Hormone Receptors, Nuclear Receptors And Their Hormones, Nuclear Hormone Receptors And Transcriptional Regulation, The Importance Of Hormone Concentration
All types of cells are capable of receiving signals from their environment and mounting an appropriate response to the signal, such as chemotaxis toward a nutrient source or toward other cells emitting a pheromone. The key difference between microorganisms and more-complex plants and animals is that the former are largely independent, with each cell in contact with the environment. In contrast, more complex plants and animals are self-contained entities whose interior is mostly insulated from the environment. Animals have complex organ systems, with each organ specialized for a particular function. Therefore, the survival of the organism depends on the precise regulation of growth, differentiation, and metabolism in different groups of cells throughout the animal.
The endocrine system is the set of glands and other tissues responsible for coordinating cellular growth and differentiation, many aspects of
|NUCLEAR RECEPTOR PARTNERS FOR RXR|
|retinoic acid receptor (RAR)||all-trans retinoic acid (vitamin A derivative)||regulates important aspects of early embryonic development|
|thyroid hormone receptor (TR)||triiodothyronine||controls the body's basal metabolic rate|
|vitamin D3 receptor (VDR)||vitamin D3||regulates calcium homeostasis, other functions|
|fatty acid receptor (PPAR)||fatty acid and eicosanoid ligands||regulates fat metabolism and the the body's ability to utilize insulin|
|bile acid receptor (FXR)||bile acid||regulates the transport of bile acids and cholesterol out of the cell|
|oxysterol receptor (LXR)||oxysterol||regulates the formation of bile acids from cholesterol|
|benzoate receptor (BXR)||unknown||unknown|
|steroid and xenobiotic receptor (SXR)||multiple compounds||regulates degradative and detoxification enzymes|
|constitutive androstane receptor (CAR)||multiple compounds||regulates degradative and detoxification enzymes|
reproduction and embryological development, the maintenance of homeostasis, and a variety of cyclical phenomena (e.g., reproductive cycles). Because these varied processes require coordinated gene expression, they are regulated by a large and diverse group of inter-and intracellular signaling pathways.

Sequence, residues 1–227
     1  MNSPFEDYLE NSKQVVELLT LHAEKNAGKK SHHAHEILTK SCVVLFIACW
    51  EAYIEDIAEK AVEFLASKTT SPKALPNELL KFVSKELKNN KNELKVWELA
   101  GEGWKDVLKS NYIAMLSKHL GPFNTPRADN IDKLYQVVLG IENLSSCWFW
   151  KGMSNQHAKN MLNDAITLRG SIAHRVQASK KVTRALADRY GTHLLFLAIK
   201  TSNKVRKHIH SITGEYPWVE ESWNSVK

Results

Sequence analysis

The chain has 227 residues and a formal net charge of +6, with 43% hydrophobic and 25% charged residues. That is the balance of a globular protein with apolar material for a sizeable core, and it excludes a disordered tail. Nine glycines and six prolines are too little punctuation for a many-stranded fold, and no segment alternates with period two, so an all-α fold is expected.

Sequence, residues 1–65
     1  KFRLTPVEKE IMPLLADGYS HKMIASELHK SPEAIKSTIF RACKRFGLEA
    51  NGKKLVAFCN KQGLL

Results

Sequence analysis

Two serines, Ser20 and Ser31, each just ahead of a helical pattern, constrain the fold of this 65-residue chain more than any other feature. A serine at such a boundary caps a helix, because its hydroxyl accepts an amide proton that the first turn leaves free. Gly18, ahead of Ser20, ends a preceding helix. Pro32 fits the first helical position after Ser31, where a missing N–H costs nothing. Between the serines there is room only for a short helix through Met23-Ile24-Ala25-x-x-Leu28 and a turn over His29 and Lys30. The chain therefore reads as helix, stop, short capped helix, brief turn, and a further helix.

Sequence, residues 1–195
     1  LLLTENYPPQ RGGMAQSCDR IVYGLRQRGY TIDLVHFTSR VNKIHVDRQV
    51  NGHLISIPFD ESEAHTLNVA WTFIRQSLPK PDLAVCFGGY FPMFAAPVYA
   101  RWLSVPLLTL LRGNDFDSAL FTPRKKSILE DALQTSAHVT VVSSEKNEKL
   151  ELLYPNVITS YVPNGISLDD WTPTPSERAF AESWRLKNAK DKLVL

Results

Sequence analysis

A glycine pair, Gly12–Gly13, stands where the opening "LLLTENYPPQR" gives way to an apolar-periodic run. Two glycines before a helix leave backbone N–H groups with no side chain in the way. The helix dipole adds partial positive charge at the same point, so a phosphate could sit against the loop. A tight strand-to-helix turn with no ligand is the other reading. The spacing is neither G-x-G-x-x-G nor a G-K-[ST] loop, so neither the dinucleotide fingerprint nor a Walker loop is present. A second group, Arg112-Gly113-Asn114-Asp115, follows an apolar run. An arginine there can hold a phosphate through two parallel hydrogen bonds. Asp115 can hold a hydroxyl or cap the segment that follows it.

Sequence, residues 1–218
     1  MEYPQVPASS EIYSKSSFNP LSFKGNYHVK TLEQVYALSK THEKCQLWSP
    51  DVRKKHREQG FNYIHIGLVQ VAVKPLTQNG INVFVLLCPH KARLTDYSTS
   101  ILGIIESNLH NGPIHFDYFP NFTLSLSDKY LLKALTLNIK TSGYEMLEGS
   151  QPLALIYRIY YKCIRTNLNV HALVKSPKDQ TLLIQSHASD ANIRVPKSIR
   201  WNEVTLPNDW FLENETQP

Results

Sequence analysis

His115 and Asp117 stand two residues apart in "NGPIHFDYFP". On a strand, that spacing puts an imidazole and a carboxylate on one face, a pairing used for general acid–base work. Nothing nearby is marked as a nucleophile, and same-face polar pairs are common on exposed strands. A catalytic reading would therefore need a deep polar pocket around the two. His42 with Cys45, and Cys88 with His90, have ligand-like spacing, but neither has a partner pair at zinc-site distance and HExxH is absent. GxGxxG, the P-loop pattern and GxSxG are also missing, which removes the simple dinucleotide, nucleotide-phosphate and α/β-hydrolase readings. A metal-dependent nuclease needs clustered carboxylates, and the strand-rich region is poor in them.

The primary mediators of these pathways are a large group of chemical messengers, called hormones, produced by specialized cells in response to physiological requirements. Many of these specialized cells are located in endocrine glands. Some of the most well-known endocrine glands are the pituitary (which produces many important hormones, such as ACTH), the thyroid (which produces thyroid hormone to regulate metabolic rate), the adrenals (which produce glucocorticoids to regulate blood sugar and stress, and which also produce epinephrine, or adrenaline), the testes (which produce testosterone), and the ovaries (which produce estrogens and progesterone).
Hormones may need to act at different distances from their source, depending on the requirements of the organism, and they can be broadly classified according to the distance across which they signal. Endocrine hormones (e.g., adrenocorticotropic hormone) are produced by endocrine glands (in this case the pituitary gland, located at the base of the brain) at a distance from their site of action (in this case adrenal glands, sitting atop the kidneys) and must be transported throughout the body via the circulatory system. Paracrine hormones, such as the prostaglandins that mediate local inflammatory processes, are produced near their site of action. Autocrine hormones, such as interleukins, act on the cells that produce them, in this case the white blood cells of the immune system.
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